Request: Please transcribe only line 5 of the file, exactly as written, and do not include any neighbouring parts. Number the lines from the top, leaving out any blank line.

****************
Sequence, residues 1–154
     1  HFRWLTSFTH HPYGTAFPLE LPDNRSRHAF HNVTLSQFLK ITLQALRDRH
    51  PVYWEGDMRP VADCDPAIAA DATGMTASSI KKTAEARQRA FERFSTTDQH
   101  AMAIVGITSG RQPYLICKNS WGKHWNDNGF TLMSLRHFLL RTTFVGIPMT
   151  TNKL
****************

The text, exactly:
   151  TNKL